A version of this story about “Dahmer — Monster: The Jeffrey Dahmer Story“ first appeared in the Down to the Wire: Drama and Limited Series issue of TheWrap’s awards magazine.
The Emmys won’t air for five months, but already Paris Barclay has made an impact. With his Outstanding Directing for a Limited or Anthology Series or Movie nomination for Netflix’s “Dahmer — Monster: The Jeffrey Dahmer Story,” Barclay became the first Black director to be nominated in all three narrative directing categories: limited series for “Dahmer”; drama series for “The West Wing” in 2002 and “NYPD Blue” in both 1998 and 1999; and comedy series for “Glee” in 2010, 2013 and 2014. (He won twice, both for “NYPD Blue.”)
“I’m very grateful, because whenever a body of your peers actually decides the work is significant enough to be nominated for an Emmy, it’s a huge deal,” said Barclay, who served as the first Black and first openly gay president of the Directors Guild of America from 2013 to 2017. “I never take it for granted and it never gets old.”
When asked how he balances working between the different categories, Barclay said, “I just focus on the story” instead of trying to apply a specific style to all his work.
“Nothing that I do looks like anything else, and I’m glad for that,” he said. “And it doesn’t because all I’m trying to do is be the central eddy of the story the writer wants to tell. That’s been my modus operandi since I started working. It doesn’t matter to me whether it’s a comedy or drama. If the story is worth telling, I will find a way to tell it, and I will find a way to tell it to the best of my ability.”
Throughout his career, Barclay has been involved with some of the most impactful
shows in modern TV history. NBC’s “ER” changed the way health-care workers were portrayed and talked about HIV in what Barclay described as “a new way.” ABC’s “NYPD Blue” was praised for both its grittiness and its dedication to realism, paving the way for how police would be portrayed on television for years to come. NBC’s “The West Wing” consistently ranks among the best TV shows ever made, in part because of how it captured the high-stakes stress of working in the White House. Even “Glee” was a landmark, giving its LGBTQ characters just as much screen time and emotional depth as its straight characters.
Being part of these significant projects is no coincidence. “I am trying to find projects that matter,” Barclay said. “Every time I get something, I sort of weigh, is this going to really make a difference? Is this going to be worth my time to do it? And is it going to be worth the viewer’s time? We’re asking a lot [of viewers]. They could be playing with their child. They could be shopping. They could just be laughing — you know, the experience of life. But we’re asking them to pay attention to something. I think we owe it to them to give them something back.”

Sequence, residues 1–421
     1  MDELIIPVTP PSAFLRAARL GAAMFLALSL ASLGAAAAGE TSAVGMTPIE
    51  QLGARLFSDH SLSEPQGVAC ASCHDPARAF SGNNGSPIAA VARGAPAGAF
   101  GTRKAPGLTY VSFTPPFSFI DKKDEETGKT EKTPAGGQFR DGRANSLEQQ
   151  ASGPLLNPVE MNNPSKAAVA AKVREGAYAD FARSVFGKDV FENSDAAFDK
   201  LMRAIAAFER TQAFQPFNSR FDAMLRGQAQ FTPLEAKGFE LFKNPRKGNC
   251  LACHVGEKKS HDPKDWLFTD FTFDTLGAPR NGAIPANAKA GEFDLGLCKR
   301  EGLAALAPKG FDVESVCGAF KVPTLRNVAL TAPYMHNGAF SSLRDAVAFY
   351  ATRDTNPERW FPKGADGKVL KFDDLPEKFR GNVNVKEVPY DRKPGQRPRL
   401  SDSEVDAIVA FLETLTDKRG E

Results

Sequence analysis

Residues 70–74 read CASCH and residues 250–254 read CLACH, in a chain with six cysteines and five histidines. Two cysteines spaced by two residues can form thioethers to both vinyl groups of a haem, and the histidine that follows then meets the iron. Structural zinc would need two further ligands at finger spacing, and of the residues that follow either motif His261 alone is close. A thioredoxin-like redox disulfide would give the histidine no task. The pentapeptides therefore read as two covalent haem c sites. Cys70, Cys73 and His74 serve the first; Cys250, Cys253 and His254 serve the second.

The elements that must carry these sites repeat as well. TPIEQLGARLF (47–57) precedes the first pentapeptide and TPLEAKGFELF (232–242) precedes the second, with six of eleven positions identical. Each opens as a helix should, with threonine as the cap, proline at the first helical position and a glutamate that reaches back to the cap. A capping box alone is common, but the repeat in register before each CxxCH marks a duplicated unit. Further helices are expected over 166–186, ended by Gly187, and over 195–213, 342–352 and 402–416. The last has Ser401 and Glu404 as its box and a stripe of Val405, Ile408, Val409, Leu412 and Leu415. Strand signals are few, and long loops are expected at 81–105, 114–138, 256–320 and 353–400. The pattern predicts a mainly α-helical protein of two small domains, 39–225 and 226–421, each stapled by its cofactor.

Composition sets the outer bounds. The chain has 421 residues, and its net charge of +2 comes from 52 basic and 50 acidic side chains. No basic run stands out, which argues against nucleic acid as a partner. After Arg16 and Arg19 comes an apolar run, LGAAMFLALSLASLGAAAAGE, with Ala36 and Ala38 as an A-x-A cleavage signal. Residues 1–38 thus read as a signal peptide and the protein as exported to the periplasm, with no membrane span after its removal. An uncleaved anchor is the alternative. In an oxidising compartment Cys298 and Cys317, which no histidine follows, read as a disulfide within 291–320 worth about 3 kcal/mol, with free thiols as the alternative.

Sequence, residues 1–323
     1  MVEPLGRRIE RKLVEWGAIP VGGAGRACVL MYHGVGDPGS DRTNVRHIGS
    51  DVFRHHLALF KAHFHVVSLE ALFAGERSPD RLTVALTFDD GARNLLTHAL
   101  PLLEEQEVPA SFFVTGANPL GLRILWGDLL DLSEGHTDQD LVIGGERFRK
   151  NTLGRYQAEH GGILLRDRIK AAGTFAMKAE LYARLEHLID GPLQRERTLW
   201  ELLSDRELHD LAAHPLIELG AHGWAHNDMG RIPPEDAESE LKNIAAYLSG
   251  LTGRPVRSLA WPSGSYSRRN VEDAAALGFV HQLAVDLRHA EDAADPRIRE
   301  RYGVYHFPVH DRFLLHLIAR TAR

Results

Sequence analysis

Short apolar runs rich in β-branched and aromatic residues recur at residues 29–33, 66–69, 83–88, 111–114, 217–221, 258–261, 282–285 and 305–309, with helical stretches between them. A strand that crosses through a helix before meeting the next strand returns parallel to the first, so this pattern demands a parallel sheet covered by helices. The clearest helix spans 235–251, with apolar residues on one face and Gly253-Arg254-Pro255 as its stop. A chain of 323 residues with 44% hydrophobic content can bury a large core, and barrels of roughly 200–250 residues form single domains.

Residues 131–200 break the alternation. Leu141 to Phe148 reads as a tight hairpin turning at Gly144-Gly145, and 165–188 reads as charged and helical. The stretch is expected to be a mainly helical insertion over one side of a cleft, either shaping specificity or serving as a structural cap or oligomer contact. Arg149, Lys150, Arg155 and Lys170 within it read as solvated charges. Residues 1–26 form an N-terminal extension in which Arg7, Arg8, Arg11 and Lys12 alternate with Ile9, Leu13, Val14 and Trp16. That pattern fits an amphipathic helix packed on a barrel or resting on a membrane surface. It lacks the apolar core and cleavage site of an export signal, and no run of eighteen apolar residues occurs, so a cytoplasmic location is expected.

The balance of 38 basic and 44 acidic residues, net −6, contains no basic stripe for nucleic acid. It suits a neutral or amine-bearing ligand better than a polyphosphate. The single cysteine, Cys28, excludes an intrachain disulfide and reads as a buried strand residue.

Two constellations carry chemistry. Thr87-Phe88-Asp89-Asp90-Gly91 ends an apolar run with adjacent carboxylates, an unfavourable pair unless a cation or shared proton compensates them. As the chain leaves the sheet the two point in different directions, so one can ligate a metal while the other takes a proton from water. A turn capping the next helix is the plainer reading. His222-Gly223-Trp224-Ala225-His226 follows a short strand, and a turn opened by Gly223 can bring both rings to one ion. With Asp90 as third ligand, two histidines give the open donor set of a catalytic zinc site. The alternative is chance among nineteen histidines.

This ethos is what initially drew Barclay to “Dahmer.” He directed both the sixth and 10th episodes of the limited series and was nominated for Episode 6, “Silenced.” A complete break from the show’s established form, that episode follows not Jeffrey Dahmer (Evan Peters) but Tony Hughes (Rodney Burford), Dahmer’s 12th victim, who was a deaf aspiring model. By focusing solely on Hughes’ story, the episode puts into perspective how horrifying and devastating each one of Dahmer’s murders truly was.
“I think we elevated [Tony Hughes’] story in a way that was profound and moving,” Barclay said. “I couldn’t have done that without the script from David McMillan and Janet Mock.”
He added that the entire point of the series was to “shine a spotlight” on Jeffrey Dahmer’s victims. “In this particular episode, we did it in kind of an extraordinary
way, using the fact that Tony was incapable of hearing as a metaphor. Carrying that metaphor through made it extremely challenging, and also really moving.”
Directing the episode, he said, made Barclay “think about crime stories in a different way.” Not only does “Silenced” capture the hope Hughes had for his life, as well as the terror he experienced in his final moments, but it also chronicles his family’s pain following his disappearance.
“By shifting away from Dahmer in this particular episode, and really for the rest of the series, we are starting to build up more of the stories of the victims, including his father, and including the character Niecy [Nash-Betts] played. That became what the show is really about,” Barclay said, referring to Nash-Betts’ neighbor character Glenda Cleveland.
Though “Dahmer” has been criticized by the families of some of the victims, Barclay said that he understands that the writers did their best to reach out to those families. He also understands why the families may be “distrustful” of another narrative that potentially “elevates” the story of Jeffrey Dahmer, though “that was exactly not what we were trying to do. I understand how if I were a family member of somebody who is a victim of Jeffrey Dahmer, it would be impossible for me to look at this show without having my heart ripped out.”
Barclay said he is “really, really proud” of his work and his role on this show. “It was very difficult, to be totally honest,” he said. “I’ve done a lot of very emotionally tricky pieces of work. In my experience, this was by far the most difficult, because I’ve known Jeffrey Dahmer — not personally, but I’ve known the story and I have a lot of very strong feelings about him, particularly because he targeted gay Black men and I grew up in that time.
“I had some sleepless nights, and I had some times that really brought me to tears in the making of it. But I feel it was all worth it because we put someone who really mattered on the screen and in people’s hearts.”
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